Sutton Trust report highlights common teaching practices that lack grounding in research

Sutton Trust Report

The Sutton Trust, a foundation set up in 1997 to improve social mobility through education, has released a report that warns ‘many popular teaching practices are ineffective’.

Following previous Sutton Trust research revealing quality of teaching as the biggest factor within schools that impacts on the achievement of children from poorer backgrounds, reporting that great teaching can produce a whole year’s extra learning, this new report claims to offer an outline of effective teaching based on ‘behaviours, approaches and classroom practices that are well-defined, easy to implement and show good evidence of improvements in student outcomes’.

The traps of ineffective teaching that the Sutton Trust report as ‘not supported by evidence’ include: lavish praise for students; encouraging learners to discover key ideas for themselves; grouping students by ability; encouraging re-reading and highlighting for the purpose of memorisation; presenting information in the students’ preferred learning style; active rather than passive-listening; and addressing low confidence and aspirations before teaching content. The report reviews over 200 research papers on developing great teaching practices.

What Makes Great Teaching, by Professor Rob Coe and colleagues at Durham University, cautions that several common practices can actually be ‘harmful to learning and have no grounding in research’. Professor Robert Coe said: “Great teaching cannot be achieved by following a recipe, but there are some clear pointers in the research to approaches that are most likely to be effective, and to others, sometimes quite popular, that are not. Teachers need to understand why, when and how a particular approach is likely to enhance students’ learning and be given time and support to embed it in their practice. “Given the complexity of teaching, it is surprisingly difficult for anyone watching a teacher to judge how effectively students are learning. We all think we can do it, but the research evidence shows that we can’t. Anyone who wants to judge the quality of teaching needs to be very cautious.”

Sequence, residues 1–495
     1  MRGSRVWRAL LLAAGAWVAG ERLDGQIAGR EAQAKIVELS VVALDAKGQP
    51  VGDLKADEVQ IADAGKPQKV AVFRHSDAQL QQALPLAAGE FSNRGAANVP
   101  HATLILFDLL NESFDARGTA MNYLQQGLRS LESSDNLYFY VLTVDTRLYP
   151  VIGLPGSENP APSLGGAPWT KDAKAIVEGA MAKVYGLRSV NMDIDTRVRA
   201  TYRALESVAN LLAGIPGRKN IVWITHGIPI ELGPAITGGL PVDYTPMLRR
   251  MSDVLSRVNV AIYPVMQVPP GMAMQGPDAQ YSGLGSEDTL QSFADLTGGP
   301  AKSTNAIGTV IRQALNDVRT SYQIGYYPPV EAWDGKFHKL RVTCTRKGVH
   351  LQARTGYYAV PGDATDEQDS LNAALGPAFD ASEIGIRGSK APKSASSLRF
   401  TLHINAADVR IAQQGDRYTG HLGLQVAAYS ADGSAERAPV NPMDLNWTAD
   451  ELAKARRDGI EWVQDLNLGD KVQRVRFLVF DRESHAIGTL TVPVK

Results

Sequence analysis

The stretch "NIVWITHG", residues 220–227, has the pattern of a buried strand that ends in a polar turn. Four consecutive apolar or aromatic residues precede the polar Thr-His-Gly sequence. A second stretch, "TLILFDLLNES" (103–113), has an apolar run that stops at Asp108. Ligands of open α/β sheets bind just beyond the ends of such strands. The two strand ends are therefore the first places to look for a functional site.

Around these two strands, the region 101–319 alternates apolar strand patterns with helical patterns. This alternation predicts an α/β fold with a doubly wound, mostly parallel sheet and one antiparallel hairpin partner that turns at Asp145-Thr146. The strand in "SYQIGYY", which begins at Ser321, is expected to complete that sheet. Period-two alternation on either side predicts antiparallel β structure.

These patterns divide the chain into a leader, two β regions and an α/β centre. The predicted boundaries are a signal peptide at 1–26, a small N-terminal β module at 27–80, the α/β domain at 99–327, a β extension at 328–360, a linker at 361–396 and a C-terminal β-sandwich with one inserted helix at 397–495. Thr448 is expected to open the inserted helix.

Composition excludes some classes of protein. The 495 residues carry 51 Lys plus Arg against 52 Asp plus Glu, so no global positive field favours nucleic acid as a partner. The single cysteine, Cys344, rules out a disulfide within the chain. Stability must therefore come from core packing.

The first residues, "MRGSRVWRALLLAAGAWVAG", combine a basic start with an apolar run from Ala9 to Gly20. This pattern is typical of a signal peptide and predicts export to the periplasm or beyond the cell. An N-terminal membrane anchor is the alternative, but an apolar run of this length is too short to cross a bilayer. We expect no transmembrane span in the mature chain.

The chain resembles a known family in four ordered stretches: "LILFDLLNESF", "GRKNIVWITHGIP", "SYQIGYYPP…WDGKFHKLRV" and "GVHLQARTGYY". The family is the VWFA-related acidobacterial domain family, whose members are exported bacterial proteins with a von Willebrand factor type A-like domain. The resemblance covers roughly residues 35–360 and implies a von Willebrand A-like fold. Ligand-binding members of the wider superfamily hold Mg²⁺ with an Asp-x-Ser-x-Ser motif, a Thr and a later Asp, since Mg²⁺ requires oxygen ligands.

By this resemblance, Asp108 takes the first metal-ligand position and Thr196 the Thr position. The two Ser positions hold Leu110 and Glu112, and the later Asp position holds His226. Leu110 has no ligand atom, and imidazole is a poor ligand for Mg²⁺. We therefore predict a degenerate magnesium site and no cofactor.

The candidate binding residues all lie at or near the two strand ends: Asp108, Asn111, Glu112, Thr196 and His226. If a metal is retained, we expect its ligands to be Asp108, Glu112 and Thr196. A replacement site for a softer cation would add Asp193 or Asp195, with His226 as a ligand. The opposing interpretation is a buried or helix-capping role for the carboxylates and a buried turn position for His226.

On the flip side, some other approaches to teaching are evidenced to be highly effective, including challenging students to identify the reason why an activity is taking place; asking a high volume of questions and checking the responses of all students; spacing-out study of topics with purposeful gaps in between for forgetting; and setting tests before material has been taught. The two factors reported to have the strongest evidence in improving student outcomes are content knowledge and quality of instruction. Dr Lee Elliot Major, Director of Policy and Development at the Sutton Trust said: “It’s a scandal that we are so concerned with the learning of pupils, yet neglect the professional development of teachers themselves. Good quality teachers are the agents of social mobility – able to transform the achievement of pupils from poorer backgrounds. This research review debunks many of the teaching myths but also reveals the core lessons for schools to help them develop great teachers.” Click here for the full press release.

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